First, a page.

The Influence Of Jazz On 20th Century Classical Music
Some may think that classical music is a rarified and esoteric kind of music , aloof, elitist, standoffish , and far removed from "normal" music and the real world . But this is a myth . Composers have been using elements of vernacular music for centuries ; composers such as Bach , Mozart , Haydn and Beethoven often used the popular tunes of their day , and the music of the great Russian and Czech composer , for example , is strongly influenced by the traditional folk music of those nations . In addition , many of the melodies of these composers became popular hits on their own .
And in the early 20th century , a number of prominent European and American composers became intensely interested in Jazz and Ragtime , and wrote works attempting a fusion between Jazz and classical . Maurice Ravel , Igor Stravinsky , Darius Milhaud , and Ernst Krenek were among the most notable , and America's own George Gershwin , Aaron Copland , Leonard Bernstein and Gunther Schuller also came under the influence of the Jazz tradition .
Stravinsky wrote a kind of Ragtime piece before he had even visited America , and Ravel and Milhaud spent time in Harlem Jazz clubs soaking in and absroprbing the influence of Jazz . You can hear Jazz inflections in Ravel's "Piano concerto in G", and Milhaud's ballet score "La Creation Du Monde", (The creation of the world), and Stravinsky's so-called "Ebony Concerto" for clarinet and instrumental ensemble .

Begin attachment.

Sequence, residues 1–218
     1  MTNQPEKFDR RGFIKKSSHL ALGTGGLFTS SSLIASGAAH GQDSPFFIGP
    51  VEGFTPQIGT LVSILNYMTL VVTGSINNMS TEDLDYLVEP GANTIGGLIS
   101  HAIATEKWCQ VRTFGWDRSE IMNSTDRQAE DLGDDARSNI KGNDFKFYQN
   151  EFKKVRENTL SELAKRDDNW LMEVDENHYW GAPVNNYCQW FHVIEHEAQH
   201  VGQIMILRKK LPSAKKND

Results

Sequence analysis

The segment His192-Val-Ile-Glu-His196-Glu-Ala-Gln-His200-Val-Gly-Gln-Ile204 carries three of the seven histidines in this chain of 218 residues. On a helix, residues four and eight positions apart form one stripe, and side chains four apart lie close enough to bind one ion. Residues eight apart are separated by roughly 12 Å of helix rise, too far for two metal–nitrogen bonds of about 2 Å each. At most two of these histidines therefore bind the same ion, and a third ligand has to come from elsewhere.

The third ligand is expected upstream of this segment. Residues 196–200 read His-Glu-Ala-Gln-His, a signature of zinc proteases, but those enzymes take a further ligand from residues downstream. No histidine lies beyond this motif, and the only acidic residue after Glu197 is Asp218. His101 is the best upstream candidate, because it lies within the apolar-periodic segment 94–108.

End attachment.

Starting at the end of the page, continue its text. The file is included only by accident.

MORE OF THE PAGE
And of course, Gershwin's "Rhapsody in Blue" is world famous, and was premiered by the once famous Jazz muisician Paul Whiteman and his band . Aaron Copland's piano concerto is also Jazz-influenced , and Leonard Bernstein wrote a work with the curious title "Prelude, Fugue and Riffs", a title which sounds like a Bach work combined with Jazz , as in the famous preludes and fugues of the "Well Tempred Clavier".
The Austrian composer Ernst Krenek (1900 -1991), although he later adopted the austere 12 tone idiom created by Schoenberg , as a young man in his 20s wrote a once popular Jazz-influenced opera called "Jonny Spielt Auf " (Jonny Strikes Up) , about an African -American Jazz musician living and working in Europe called Jonny who gets involved with the theft of a precious violin and all manner of intrigues . It ends with Jonny, on top of a globe on stage , celebrating the triumph of Jazz taking over Europe .
Tis opera was all the rage in Europe in the 20s until the Nazis took over and banned it as"degenerate music" . It was even performed at the Metropolitan Opera . But it fell out of favor until recent revivals , and was recorded in the 90s as part of Decca record's fascinating project to record the "degenerate music" banned by the Nazis . I have that CD , and it's quite interesting , although it's not currently available as far as I can tell . But it and the whole series is well-worth hearing .
And many prominent Jazz musicians have also been interested in the tradition of European classical music , and were influenced by it such as Miles Davis , Bill Evans and others . Duke Ellington was very interested in classical music and knew a great deal about it .
This goes to show you that far from being a dated and stodgy art form , classical music has constantly evolved the times , and continues to due so in the present day .